Wal-Mart's Second Shot
By Justine McDaniel
Wal-Mart doesn't give up so easily.
On April 22, the corporation was denied an application to open a superstore in Rohnert Park. Wal-Mart has appealed the decision, and Rohnert Park must weigh the pros and cons again.
The plan for the superstore, which includes a grocery section that will be open 24 hours, was first revealed this spring when Wal-Mart proposed expanding its existing Rohnert Park store by 35,000 square feet. The planning commission of Rohnert Park rejected it 4–0.
Opponents say the expansion will close Pacific Market in Rohnert Park, possibly bringing down other small businesses in that shopping center with it. Although Wal-Mart estimates that the opening of their store would create about 85 jobs, only some would be full-time. Furthermore, approximately 105 to 211 jobs would be lost through the closing of Pacific Market and other businesses.
"The jobs being lost are generally good jobs at Pacific Market, although it could affect chains like Raley's and Safeway," says Martin Bennett, a teacher at the Santa Rosa Junior College and co-chair of the Living Wage Coalition of Sonoma County, which has spearheaded the campaign against Wal-Mart. "Pacific Market pays $17 an hour with benefits, and Wal-Mart pays $12 an hour without benefits for full-time, so the difference in job quality is really remarkable."
Bennett charges that most of the profits from Wal-Mart will not stay within the local economy, but will return to its Arkansas headquarters. The store won't create any significant tax revenue because grocery items aren't taxable. It will also increase traffic, especially if other markets close. The environmental and economic impacts could affect residents all over the county.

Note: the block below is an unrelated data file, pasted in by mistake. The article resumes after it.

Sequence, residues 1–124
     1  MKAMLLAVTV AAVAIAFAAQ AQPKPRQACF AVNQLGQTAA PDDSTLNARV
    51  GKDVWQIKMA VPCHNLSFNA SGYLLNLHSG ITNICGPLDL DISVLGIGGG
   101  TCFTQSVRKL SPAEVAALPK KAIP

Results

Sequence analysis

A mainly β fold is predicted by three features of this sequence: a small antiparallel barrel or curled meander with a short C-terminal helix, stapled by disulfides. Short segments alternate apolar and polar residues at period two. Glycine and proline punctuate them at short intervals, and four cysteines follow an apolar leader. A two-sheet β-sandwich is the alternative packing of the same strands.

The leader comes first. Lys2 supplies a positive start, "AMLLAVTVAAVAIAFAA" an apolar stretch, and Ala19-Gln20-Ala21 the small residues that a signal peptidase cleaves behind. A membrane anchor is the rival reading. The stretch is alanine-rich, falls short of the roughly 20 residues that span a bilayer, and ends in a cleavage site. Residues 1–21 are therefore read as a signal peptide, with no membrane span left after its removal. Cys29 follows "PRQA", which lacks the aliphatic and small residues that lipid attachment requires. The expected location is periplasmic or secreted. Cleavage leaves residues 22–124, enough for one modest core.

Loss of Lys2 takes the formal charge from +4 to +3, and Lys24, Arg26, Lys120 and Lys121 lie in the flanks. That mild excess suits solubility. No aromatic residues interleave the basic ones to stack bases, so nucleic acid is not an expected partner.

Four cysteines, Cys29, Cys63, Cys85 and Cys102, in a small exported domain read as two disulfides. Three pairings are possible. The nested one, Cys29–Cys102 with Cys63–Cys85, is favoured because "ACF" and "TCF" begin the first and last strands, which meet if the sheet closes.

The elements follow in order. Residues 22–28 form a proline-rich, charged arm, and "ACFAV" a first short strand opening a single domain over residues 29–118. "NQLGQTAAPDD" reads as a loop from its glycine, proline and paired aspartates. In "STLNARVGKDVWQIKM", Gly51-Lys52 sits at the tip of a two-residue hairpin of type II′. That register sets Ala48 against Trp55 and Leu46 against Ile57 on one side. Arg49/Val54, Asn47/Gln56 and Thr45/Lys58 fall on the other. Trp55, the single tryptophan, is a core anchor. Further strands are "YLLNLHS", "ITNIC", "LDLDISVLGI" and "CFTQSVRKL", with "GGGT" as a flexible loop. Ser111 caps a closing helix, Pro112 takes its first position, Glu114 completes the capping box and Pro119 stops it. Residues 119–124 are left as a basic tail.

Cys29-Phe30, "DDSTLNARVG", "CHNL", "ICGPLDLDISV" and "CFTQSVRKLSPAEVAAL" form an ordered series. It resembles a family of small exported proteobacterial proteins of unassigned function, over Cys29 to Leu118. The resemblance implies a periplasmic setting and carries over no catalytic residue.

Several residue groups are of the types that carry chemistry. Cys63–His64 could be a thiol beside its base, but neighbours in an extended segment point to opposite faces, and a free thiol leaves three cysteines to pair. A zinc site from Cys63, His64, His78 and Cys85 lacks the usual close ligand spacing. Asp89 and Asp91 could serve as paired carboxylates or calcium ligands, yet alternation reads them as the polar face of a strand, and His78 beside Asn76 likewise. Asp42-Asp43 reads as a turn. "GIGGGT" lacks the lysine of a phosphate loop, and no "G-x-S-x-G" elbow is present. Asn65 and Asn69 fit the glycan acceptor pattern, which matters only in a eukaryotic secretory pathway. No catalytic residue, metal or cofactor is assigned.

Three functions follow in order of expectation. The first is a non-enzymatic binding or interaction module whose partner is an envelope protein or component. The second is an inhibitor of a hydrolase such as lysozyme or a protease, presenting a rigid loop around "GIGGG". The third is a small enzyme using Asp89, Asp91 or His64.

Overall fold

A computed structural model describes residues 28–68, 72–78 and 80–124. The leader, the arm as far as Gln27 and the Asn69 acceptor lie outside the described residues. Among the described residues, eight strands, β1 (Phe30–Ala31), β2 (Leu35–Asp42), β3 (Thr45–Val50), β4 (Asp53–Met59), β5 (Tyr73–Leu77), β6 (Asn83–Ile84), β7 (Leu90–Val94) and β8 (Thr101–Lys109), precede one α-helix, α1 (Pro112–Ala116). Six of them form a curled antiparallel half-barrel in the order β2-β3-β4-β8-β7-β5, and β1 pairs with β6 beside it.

"It's not just a city of Rohnert Park issue, it's a county issue," Bennett says. "Five hundred low-wage jobs at Wal-Mart will bring down wages in the retail sector everywhere in Sonoma County by about 1 percent. This is a regional issue that extends well beyond the city of Rohnert Park."
The cities of Milpitas and Antioch have also recently denied Wal-Mart the permission to expand. "This isn't just Sonoma; it's all of the Bay Area," Bennett says. Wal-Mart has been pushing expansion in Sonoma, Marin and Mendocino counties, where there aren't any superstores.
"There's a bigger issue here about American values," Bennett says. "Hard work and being dedicated to your employer should pay off, but you get poverty wages from Wal-Mart and no benefits. You can't make a career at Wal-Mart." Most recently, the company was charged with a class action suit regarding discrimination against women employees.
The Rohnert Park City Council will meet on Thursday, July 29 to consider the appeal. The hearing starts at 6pm and will be held at City Hall, 130 Avram Ave., Rohnert Park.
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